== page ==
Why money sucks for the Blind in America
Here is a continuation of gripes I have as a blind person. Money sucks. Not in the philosophical sense, but physically. And to be specific, I mean U.S. money sucks. To be more specific, U.S. currency sucks, i.e. the actual 75% cotton and 25% linen bills that we (if we’re fortunate) carry around in our wallets every day.
In most other countries I’ve visited, the currency takes the form of different sized (and thus, weighted) coins and different sized paper bills. While the U.S. has distinct coins with their varying sizes and ridged vs. smooth edges, all of our paper bills come in the exact same size. I as a sight-impaired individual hate this.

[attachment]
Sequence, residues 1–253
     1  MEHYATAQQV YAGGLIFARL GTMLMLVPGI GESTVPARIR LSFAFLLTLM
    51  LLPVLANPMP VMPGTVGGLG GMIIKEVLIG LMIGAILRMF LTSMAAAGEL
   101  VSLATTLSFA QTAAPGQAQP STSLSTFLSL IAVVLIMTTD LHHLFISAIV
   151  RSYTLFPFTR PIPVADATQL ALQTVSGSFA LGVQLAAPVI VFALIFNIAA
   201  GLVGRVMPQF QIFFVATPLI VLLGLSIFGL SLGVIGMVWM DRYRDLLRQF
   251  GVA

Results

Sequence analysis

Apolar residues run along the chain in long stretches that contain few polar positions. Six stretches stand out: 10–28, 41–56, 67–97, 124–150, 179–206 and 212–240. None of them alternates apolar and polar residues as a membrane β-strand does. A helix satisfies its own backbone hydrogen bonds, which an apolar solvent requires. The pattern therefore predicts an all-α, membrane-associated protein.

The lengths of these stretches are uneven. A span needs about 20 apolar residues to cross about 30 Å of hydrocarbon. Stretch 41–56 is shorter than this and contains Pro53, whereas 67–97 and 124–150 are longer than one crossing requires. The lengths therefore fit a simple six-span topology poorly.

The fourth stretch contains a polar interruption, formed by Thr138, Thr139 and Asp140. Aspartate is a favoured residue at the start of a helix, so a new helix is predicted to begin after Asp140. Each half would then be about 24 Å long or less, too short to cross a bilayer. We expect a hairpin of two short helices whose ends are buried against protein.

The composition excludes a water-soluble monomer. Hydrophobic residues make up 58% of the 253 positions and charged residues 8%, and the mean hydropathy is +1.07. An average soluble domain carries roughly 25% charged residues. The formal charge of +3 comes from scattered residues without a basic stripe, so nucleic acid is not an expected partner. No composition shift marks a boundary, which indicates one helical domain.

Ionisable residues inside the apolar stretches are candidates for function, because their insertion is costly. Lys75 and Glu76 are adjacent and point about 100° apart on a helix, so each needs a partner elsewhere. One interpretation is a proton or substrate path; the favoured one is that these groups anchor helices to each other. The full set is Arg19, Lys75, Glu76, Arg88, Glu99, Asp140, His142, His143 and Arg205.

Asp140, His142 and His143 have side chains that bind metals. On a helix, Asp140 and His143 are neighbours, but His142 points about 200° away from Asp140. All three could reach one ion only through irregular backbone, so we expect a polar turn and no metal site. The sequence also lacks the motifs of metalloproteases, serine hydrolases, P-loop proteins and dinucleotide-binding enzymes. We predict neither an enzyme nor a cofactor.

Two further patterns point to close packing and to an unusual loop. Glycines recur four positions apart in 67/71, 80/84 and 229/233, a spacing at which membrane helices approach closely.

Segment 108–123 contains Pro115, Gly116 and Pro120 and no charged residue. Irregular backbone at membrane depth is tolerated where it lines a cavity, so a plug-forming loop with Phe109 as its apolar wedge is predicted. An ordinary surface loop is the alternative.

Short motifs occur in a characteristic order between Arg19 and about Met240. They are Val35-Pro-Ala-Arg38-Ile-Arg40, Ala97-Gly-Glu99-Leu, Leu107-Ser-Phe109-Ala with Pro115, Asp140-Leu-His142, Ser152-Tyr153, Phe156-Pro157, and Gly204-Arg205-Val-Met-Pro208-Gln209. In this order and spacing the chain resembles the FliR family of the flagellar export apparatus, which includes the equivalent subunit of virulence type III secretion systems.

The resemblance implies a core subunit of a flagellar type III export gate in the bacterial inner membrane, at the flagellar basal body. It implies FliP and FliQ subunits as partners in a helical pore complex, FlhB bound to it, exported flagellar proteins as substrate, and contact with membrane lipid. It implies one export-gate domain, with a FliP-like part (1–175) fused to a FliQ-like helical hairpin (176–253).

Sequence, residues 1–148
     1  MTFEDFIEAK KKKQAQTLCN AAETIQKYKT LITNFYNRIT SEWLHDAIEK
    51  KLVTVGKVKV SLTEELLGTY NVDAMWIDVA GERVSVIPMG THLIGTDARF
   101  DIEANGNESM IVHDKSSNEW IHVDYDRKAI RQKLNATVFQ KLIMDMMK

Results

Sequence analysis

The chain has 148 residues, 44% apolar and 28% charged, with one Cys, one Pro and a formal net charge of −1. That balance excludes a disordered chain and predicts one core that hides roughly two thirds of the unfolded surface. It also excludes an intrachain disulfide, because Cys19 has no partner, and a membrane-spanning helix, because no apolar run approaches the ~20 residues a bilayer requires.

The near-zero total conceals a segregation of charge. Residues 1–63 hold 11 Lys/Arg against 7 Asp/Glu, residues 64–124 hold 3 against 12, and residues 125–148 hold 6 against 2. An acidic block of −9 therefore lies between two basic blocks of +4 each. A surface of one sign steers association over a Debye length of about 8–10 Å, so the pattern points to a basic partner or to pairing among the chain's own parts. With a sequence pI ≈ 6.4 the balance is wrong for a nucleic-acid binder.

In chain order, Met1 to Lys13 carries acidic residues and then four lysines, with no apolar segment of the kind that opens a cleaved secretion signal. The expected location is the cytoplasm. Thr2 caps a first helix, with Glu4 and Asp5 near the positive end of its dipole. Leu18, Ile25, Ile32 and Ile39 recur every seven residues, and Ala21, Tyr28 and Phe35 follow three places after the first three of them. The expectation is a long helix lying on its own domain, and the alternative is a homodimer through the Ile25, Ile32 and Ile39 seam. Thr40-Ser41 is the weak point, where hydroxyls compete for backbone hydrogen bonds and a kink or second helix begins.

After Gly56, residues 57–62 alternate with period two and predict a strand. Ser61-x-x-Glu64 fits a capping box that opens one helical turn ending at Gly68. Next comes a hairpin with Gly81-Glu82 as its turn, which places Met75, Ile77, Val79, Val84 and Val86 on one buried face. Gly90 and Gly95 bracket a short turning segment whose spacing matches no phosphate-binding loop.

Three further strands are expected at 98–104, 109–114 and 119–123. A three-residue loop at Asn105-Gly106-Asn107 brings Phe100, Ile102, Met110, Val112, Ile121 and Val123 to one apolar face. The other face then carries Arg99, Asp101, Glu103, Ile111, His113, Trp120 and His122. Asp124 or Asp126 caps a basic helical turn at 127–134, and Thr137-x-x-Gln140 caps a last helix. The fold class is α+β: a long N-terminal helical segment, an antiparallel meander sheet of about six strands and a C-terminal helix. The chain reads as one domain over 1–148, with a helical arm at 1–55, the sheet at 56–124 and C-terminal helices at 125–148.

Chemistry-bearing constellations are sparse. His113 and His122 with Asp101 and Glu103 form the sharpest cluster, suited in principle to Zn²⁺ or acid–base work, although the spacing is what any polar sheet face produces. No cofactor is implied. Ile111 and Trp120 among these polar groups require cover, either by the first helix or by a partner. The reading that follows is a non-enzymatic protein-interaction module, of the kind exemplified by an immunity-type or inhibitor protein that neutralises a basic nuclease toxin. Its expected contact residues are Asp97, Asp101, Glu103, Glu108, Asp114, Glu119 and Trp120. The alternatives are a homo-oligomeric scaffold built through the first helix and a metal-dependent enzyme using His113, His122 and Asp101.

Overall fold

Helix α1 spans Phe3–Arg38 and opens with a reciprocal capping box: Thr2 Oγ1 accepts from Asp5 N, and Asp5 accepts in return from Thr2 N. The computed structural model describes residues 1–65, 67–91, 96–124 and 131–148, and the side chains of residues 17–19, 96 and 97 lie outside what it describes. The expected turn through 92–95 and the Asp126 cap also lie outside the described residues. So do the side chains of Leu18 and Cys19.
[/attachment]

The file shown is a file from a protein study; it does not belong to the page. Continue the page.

Today before going to lunch, I was trying to count my money so that I would have cash on hand, an attempt at avoiding the credit card dance I so often find myself doing when dining out with friends. I had to use my trusty Amigo portable CCTV to magnify each bill, and because there are at least two generations of American currency floating out there, I didn’t even know where to begin looking for the most legible number denoting denomination. It took me ten minutes to do what a sighted person would be able to do in less than ten seconds. Frustrating, to say the least. Why won’t the U.S. print different sized bills? My guess is that it would cost too much to reprint currency and properly circulate it, swapping out the old for the new. I know there are blind people who are lobbying this issue, and I think it’s only fair, especially after the ADA was established, that the visually impaired never be placed in a position where they are confused about their monies. It would aid in independence, and although it would take a special kind of asshole to rip a blind person off, why allow that chance to happen? Change the sizes of U.S. currency, America, and level the playing field for those who are sight-impaired.